New SAT Program To Improve Admissions By Taking Students' Socioeconomic Background Into Account

30 days ago

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The College Board made an announcement Thursday it's been testing "a tool that could give the millions of students who take the SATs every year a score measuring their economic hardships and other disadvantages", NPR reports. The new tool dubbed the "Environmental Context Dashboard" contains key information about students. The database includes the rate of teens who receive free or reduced lunch, average family income, educational attainment, housing stability, and crime. The Typical Student team learned more about the benefits US students are about to get.  

Student Evaluation Score

The program has been piloted at 50 higher education institutions, it's to become widely available in 2020. Under the program, college admissions officers will be able to see students' "adversity score." BuzzFeed News reports, "a student's ECD score, or "overall disadvantage level," will fall on a scale of 1 to 100, with 50 being the national and/or state average of high school students." Below you can see the example of the dashboard provided by the College Board:

 

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Will Students Know Their Scores?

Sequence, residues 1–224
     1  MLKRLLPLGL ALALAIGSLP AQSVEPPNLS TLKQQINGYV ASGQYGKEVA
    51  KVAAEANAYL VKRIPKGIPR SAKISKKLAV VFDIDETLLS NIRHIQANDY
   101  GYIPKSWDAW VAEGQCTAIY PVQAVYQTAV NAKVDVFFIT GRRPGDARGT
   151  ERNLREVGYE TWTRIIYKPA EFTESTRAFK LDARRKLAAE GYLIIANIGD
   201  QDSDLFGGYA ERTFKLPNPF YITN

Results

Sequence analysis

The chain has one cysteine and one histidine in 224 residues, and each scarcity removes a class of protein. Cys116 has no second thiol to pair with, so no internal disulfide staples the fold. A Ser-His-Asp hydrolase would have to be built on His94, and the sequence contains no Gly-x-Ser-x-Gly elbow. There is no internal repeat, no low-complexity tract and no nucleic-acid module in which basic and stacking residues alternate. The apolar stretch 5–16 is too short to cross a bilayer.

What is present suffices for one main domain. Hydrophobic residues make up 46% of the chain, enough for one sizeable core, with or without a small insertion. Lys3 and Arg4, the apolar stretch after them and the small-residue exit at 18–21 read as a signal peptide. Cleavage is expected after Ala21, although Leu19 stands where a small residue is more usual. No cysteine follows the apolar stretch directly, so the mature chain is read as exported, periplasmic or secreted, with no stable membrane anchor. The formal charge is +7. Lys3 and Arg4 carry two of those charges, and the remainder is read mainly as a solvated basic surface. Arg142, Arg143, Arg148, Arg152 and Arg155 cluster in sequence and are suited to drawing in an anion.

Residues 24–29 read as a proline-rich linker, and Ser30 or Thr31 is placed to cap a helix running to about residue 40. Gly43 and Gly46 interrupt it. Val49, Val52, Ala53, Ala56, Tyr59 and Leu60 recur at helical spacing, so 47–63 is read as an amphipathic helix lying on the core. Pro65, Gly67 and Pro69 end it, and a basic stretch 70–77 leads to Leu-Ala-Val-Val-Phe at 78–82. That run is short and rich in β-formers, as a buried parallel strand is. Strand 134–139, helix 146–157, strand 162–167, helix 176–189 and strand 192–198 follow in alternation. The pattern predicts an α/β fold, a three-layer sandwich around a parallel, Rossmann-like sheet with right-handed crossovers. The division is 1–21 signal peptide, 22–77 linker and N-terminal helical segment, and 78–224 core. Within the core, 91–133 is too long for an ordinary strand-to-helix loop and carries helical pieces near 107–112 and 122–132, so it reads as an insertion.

NPR reports that the scores won't be revealed to SAT test-takers. The schools, however, will see the numbers when reviewing college applications. Last year, Yale, Florida State University and Trinity University, were among colleges that took part in a pilot program to test an "adversity score."

The new dashboard promotes a more diverse approach to SAT scores distribution, as it doesn't look at race, and focuses on a student's "resourcefulness" instead.  Some school officials believe the "tool will result in more racial diversity on college campuses."  As of recent, the question of how race influences college admissions has been in the spotlight. The WSJ tweeted a diagram showing SAT score distributions by race with the following caption: “We can’t sit on our hands and ignore the disparities of wealth reflected in the SAT.” 

 

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Educational institutions have high hopes for the College Board's new initiative as it does not weigh racial factors. It may prove to be more popular.

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